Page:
Dis­tant Drums

Sri Lanka re­mains crip­pled by the post-war re­ha­bil­i­ta­tion process. Much more is needed be­fore the coun­try can stand on its own feet.

Southasia - - Contents - By Maria Sai­fud­din Ef­fendi

The eth­nic con­flict in Sri Lanka has seen sev­eral high and low in­ten­sity wars and skir­mishes over the last three decades. The armed strug­gle be­tween the Sri Lankan Armed Forces (SLAF) and the Lib­er­a­tion Tigers of Tamil Ee­lam (LTTE) con­tin­ued till the sum­mer of 2009, when a more in­tense and tar­get-ori­ented mil­i­tary op­er­a­tion by SLAF, the “Hu­man­i­tar­ian Res­cue Op­er­a­tion,” was con­ducted, killing the LTTE leader Velupil­lai Prab­hakaran.

The pro­tracted con­flict un­der­went sev­eral stages be­fore reach­ing the ter­mi­na­tion phase. Ex­pec­ta­tions rose to see a grad­ual and thor­ough peace­build­ing process guar­an­tee­ing reap­praisal of the ex­ist­ing poli­cies as well as re­dress­ing root causes of the con­flict such as, Tamil griev­ances and the de­pri­va­tion of mi­nor­ity rights.

At the same time, hu­man­i­tar­ian res­cue op­er­a­tions against LTTE in May 2009, grew con­tro­ver­sial, given the al­leged war crimes and the bru­tal treat­ment of mi­nori­ties in north­east Sri Lanka. The num­ber of Tamils killed rose to 40,000 and nearly 60,000 were wounded dur­ing the op­er­a­tion. Some 300,000 Tamils were de­tained in mil­i­tary-run in­tern­ment camps for more than a year. The Hu­man­i­tar­ian Res­cue Op­er­a­tion has been fu­ri­ously de­bated and ques­tioned by the in­ter­na­tional com­mu­nity. Sri Lanka has been ac­cused of war crimes and the vi­o­la­tions of hu­man rights treaties and in­ter­na­tional law. In a three-decade long con­flict, in­no­cent cit­i­zens were bru­tally killed and treated in­hu­manly, civil­ian ar­eas were bombed and Tamils were used as hu­man shields by LTTE. A large num­ber of in­ter­nally dis­placed and miss­ing per­sons be­came a bur­den on the econ­omy. Count­less vi­o­la­tions of hu­man rights in terms of food, medicine and clean water only con­trib­uted to the long list of mass atroc­i­ties faced by the Sri Lankan peo­ple.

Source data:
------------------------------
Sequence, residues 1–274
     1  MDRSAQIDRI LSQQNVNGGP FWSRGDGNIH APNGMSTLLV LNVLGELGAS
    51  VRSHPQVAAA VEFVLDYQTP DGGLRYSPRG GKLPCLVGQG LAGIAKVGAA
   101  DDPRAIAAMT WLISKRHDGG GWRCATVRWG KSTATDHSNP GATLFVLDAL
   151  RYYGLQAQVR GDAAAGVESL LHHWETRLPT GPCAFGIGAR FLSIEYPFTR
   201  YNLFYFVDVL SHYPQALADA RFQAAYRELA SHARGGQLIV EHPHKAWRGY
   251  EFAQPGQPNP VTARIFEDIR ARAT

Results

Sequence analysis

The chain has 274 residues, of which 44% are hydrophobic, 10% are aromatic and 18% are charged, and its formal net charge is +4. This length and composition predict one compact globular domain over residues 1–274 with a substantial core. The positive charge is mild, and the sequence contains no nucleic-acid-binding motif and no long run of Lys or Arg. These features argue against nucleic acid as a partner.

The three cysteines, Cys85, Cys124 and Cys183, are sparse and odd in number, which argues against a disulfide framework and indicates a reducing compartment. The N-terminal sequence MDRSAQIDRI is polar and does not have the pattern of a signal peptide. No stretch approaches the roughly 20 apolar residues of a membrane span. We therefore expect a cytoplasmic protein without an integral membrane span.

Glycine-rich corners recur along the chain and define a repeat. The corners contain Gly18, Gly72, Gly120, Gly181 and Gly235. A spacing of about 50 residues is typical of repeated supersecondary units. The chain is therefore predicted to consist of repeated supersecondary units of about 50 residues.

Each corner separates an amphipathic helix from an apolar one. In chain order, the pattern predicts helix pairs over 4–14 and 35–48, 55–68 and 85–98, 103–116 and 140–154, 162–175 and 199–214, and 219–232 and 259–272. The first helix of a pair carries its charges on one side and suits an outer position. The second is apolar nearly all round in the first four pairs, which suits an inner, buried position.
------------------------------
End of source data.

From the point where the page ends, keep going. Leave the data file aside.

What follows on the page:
The post war tran­si­tional phase has been lin­ger­ing on. The war is over but the con­flict has yet to be re­solved. While the chal­lenges re­main un­met and the tasks are unac­com­plished, the process of peace build­ing has at­tracted nu­mer­ous in­ter­na­tional fi­nan­cial in­sti­tu­tions and donor agen­cies. The peace build­ing process in­cludes var­i­ous as­pects of re­con­struc­tion of the war torn so­ci­ety and the re­build­ing of dys­func­tional in­sti­tu­tions. State mech­a­nisms need to be im­proved in or­der to in­cor­po­rate politico-eco­nomic griev­ances of mi­nori­ties through de­vo­lu­tion pack­ages. A so­cial rein­te­gra­tion of the com­bat­ants, re­ha­bil­i­ta­tion of war vic­tims as well as per­pe­tra­tors and rec­on­cil­i­a­tion among com­bat­ants, need to be the main re­spon­si­bil­ity of the gov­ern­ment. Suc­cess­fully man­ag­ing a post-war sit­u­a­tion in a rig­or­ous fash­ion will pre­vent the re­cur­rence of vi­o­lence.

How­ever, the past three years have seen lit­tle progress in any of the men­tioned ar­eas. There is a marked dif­fer­ence be­tween a ‘post-war phase’ and a ‘post-con­flict res­o­lu­tion process.’ The two pro­cesses are not en­tirely

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